Embracing Diversity

We develop novel concepts, tools and approaches for investigating diverse values, knowledge and human-nature relationships and suggest ways in they can inform sustainability policy and planning.

​Values, knowledge systems and human-nature relationships are diverse

There are many different ways in which individuals and groups relate to nature. We have developed innovative ways of mapping human values for places at the regional scale and within their everyday living environment.  In early work dating back to 2009, we developed public participation geographic information system (PPGIS) approaches for identifying the spatial distribution and intensity of social values for ecosystem services in the South Australian Murray-Darling Basin as perceived by community leaders in natural resource management (Figure 1).

Figure 1. The distribution of ecosystem service values as percevied by community leaders in NRM in the South Australian Murray-Darling Basin (Raymond et al. 2009).

Over time, we have become increasing interested in relational approaches to understanding the diversity of ways of valuing and knowing places, which has resulted in the development of more embodied understandings of human-nature relationships (Figure 2), building on insights in process philosophy (including tacit human-nature relationships, Kaaronen et al. 2018), the sustainability transformations literature (including values underpinning sustainability transformations, Milcu et al. 2019) and sound ethnography (Ritts 2017).

In 2019, we edited a special feature that explored multiple theoretical traditions on social values for sustainability (Raymond et al. 2019). We identified multiple lenses and meta-lenses for organising the plurality of social values.


Despite such tools and frameworks, we lack approaches for understanding possibilities for, and consequences of combining multiple knowledge systems, values and human-nature relationships for environmental policy and decision-making.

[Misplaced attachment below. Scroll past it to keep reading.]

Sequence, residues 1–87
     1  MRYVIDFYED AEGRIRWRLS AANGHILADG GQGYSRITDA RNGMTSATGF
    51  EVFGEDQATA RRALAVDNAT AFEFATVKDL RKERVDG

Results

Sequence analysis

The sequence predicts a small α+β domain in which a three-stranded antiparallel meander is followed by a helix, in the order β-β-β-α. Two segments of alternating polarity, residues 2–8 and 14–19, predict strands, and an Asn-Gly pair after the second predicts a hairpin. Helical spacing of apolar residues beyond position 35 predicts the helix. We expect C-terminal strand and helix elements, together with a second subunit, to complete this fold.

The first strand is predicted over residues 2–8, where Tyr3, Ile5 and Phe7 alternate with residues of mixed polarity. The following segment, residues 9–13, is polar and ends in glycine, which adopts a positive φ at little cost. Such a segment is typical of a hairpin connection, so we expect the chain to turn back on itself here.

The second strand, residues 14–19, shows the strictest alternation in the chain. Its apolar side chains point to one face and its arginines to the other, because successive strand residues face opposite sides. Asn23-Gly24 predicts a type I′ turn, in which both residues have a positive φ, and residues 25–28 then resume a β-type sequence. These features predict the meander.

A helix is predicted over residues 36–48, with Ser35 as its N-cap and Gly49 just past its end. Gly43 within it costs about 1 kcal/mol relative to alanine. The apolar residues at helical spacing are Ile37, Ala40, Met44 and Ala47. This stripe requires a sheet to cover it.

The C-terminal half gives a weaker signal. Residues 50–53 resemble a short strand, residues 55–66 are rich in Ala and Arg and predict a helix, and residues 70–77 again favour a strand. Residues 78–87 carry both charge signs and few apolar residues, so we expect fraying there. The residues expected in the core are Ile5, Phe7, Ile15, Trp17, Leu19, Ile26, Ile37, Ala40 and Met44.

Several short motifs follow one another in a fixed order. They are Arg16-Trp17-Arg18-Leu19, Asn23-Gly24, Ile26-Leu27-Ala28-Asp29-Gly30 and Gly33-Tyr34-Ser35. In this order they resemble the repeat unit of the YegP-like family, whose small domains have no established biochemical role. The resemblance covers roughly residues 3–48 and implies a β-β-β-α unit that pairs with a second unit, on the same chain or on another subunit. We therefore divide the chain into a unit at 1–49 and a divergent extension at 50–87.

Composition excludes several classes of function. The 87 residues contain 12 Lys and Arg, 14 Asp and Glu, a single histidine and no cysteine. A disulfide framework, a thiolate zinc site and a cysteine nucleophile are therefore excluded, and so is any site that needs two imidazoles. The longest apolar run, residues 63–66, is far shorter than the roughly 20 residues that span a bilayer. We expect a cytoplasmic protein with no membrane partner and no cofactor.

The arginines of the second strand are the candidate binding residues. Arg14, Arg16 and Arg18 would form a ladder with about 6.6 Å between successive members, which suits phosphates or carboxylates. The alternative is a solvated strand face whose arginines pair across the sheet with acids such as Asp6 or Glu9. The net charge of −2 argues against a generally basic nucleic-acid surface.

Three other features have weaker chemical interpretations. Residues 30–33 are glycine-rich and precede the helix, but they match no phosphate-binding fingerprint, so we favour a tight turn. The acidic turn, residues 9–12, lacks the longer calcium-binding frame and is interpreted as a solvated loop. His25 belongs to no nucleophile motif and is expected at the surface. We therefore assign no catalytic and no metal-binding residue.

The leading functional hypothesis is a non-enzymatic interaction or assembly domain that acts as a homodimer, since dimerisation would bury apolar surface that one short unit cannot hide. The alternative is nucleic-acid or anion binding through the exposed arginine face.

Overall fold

1. Develop new typologies and conceptualizations of knowledge, values and human-nature relationships to better represent the different voices that are interested in or affected by environmental decisions.
  2. Develop new methods for combining multiple values and knowledge systems, and for assessing the credibility, salience and legitimacy of more integrated understandings for environmental planning and decision-making.
  3. Explore the policy relevance of these tools and processes for environmental planning, including international biodiversity assessments.

Relevant Publications

Raymond, C.M., Kenter, J.O., van Riper, C.J. et al. (2019). Editorial overview: Theoretical traditions in social values for sustainability. Sustainability Science. 14: 1173. https://doi.org/10.1007/s11625-019-00723-7

Milcu, A. et al. (2019) Values in transformational sustainability science: four perspectives for change. Sustainability Science 10.1007/s11625-019-00656-1

Kaaronen, R.O. (2018) Reframing Tacit Human-Nature Relations: An Inquiry into Process Philosophy and the Philosophy of Michael Polanyi. In Env. Values. https://doi.org/10.3197/096327118X15162907484466

Ritts, M (2017). Environmentalists abide: Listening to whale music – 1965–1985. Environment and Planning D Society and Space 35(3) DOI: 10.1177/0263775817711706

Raymond, C.M., Giusti, M., and Barthel, S. (2017b). An embodied perspective on the co-production of cultural ecosystem services: Toward embodied ecosystems. Journal of Environmental Planning and Management. http://dx.doi.org/10.1080/09640568.2017.1312300

Raymond, C.M., Kyttä, M and Stedman (2017). Sense of place: Fast and slow. The potential contributions of affordance theory to sense of place. Frontiers in Psychology. 8: 1674.